New petition sought in B.C. polygamy case

Robert Matas

Vancouver Globe and Mail Update

A B.C. Supreme Court judge considering whether to quash polygamy charges against Winston Blackmore has asked the religious leader’s lawyer to submit a new petition to the court in September.

Madam Justice Sunni Stromberg-Stein indicated in a memo to legal counsel that she believes she does not have jurisdiction to rule on whether to halt charges that are now in Provincial Court and not in Supreme Court. A preliminary hearing on whether the evidence is sufficient to warrant a trial must be held in Provincial Court before his case could be transferred to the Supreme Court for trial.

However, the judge suggests that Mr. Blackmore can get around the problem by asking for a judicial review of former attorney-general Wally Oppal’s decision to have a prosecutor appointed to review the case after an earlier prosecutor had decided that charges were not warranted.

Mr. Blackmore’s lawyer Bruce Elwood said the judge indicated she would be available to hear the new submissions in the first week of September.

“Hopefully, her concern about jurisdiction will be resolved to her satisfaction so she can rule on the matter,” Mr. Elwood said in an interview.

Special Prosecutor Terry Robertson said the judge is not following normal procedures.

“I admit to not clearly understanding what she is doing,” Mr. Robertson said.

Usually, a judge would dismiss an application if it was procedurally flawed and another application could be made, he said.

“It’s almost as if she wants to remain [involved in the case],” Mr. Robertson said, adding that she may have proposed changes to Mr. Blackmore’s lawyer because she has already spent four days in court hearing the case and wants to conclude it.

The bid to have the charges quashed is the first Charter of Rights and Freedoms case on polygamy in Canada. Mr. Blackmore, a religious leader in the Fundamentalist Church of Jesus Christ of Latter Day Saints, has been charged with being in a polygamous relationship with 19 women. Jim Oler, who heads another faction in the same religious group, has been charged with polygamy over his marriage to three women.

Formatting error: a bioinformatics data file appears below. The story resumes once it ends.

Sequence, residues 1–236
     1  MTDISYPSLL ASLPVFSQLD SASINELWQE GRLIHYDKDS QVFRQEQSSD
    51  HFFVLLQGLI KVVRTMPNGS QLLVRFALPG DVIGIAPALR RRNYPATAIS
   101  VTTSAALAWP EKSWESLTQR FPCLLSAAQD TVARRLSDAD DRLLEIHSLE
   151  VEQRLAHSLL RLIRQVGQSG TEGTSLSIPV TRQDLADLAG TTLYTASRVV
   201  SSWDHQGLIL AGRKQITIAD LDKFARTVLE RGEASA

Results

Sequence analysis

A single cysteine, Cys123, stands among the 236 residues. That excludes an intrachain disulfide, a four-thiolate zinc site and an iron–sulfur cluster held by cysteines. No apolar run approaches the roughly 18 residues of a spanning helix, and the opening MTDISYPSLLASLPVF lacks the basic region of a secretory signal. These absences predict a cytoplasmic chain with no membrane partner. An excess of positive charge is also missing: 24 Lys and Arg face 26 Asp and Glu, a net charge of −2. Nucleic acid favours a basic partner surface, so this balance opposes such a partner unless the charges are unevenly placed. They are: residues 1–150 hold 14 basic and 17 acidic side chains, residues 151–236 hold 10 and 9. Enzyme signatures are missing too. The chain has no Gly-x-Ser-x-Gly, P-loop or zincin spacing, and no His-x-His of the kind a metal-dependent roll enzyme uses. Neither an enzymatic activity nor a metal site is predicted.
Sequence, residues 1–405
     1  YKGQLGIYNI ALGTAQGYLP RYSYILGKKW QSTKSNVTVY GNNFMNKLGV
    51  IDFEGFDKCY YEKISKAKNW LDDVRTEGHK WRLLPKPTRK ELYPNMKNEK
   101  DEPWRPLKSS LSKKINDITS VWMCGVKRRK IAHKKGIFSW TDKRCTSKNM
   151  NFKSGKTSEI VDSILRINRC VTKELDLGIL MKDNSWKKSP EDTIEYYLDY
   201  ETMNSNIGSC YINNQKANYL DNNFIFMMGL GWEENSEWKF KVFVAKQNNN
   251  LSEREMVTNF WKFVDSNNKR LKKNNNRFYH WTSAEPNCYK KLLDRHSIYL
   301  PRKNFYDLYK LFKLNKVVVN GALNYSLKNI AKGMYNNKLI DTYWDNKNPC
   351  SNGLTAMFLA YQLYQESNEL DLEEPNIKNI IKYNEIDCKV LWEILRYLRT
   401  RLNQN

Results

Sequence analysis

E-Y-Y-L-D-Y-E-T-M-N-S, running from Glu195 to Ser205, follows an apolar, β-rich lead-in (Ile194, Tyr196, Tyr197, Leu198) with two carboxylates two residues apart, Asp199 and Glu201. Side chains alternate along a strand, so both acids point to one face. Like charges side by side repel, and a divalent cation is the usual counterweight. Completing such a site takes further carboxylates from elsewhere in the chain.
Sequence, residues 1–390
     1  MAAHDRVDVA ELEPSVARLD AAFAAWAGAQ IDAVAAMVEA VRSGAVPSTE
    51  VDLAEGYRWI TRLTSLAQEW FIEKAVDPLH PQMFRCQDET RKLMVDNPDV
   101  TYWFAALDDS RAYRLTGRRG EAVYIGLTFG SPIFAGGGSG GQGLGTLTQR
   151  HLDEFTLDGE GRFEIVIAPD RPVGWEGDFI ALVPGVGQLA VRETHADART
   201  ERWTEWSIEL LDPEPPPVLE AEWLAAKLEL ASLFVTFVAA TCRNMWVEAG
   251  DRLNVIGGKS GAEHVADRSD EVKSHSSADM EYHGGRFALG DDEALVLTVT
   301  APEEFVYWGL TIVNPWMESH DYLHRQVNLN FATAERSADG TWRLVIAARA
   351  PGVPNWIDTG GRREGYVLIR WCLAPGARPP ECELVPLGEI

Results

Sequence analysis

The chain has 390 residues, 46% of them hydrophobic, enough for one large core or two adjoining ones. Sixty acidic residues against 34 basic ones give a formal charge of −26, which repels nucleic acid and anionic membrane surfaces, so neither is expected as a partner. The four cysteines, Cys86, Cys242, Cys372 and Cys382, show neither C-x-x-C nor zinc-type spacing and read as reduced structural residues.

Last week, Mr. Blackmore’s lawyer, Mr. Elwood, told the court that Mr. Oppal overstepped his authority by “shopping” for a prosecutor who was willing to proceed with the charge. Mr. Robertson is the third prosecutor in recent years to consider criminal charges against Mr. Blackmore; the previous prosecutors decided not to charge him. The decision of the first special prosecutor should have been final, Mr. Elwood said. Mr. Blackmore’s Charter right to fundamental justice was violated, he said.

Judge Stromberg-Stein at that time questioned whether she could hear Mr. Elwood’s application. “I don’t see where I have the jurisdiction,” she told the court.

She subsequently decided that Mr. Blackmore’s lawyer could fix the problem by rewording his submissions.

However, this week she notified the lawyers that she decided Mr. Blackmore’s lawyer should have made submissions under a different piece of legislation. Mr. Blackmore should have asked for a judicial review of the minister’s decision, rather than a Charter review of whether the criminal charge was unfair and a violation of Mr. Blackmore Charter right to fundamental justice, she said.

Mr. Robertson had vigorously opposed changing the wording when it was proposed last week in court. Yesterday, he noted that the judge had also decided the application to quash the charges was procedurally flawed, but she did not take the next step and dismiss it.

He said he has not yet decided how he will respond to the new development. He said he would consider “seeking direction” from Judge Stromberg-Stein “on where we go from here and what we do.”

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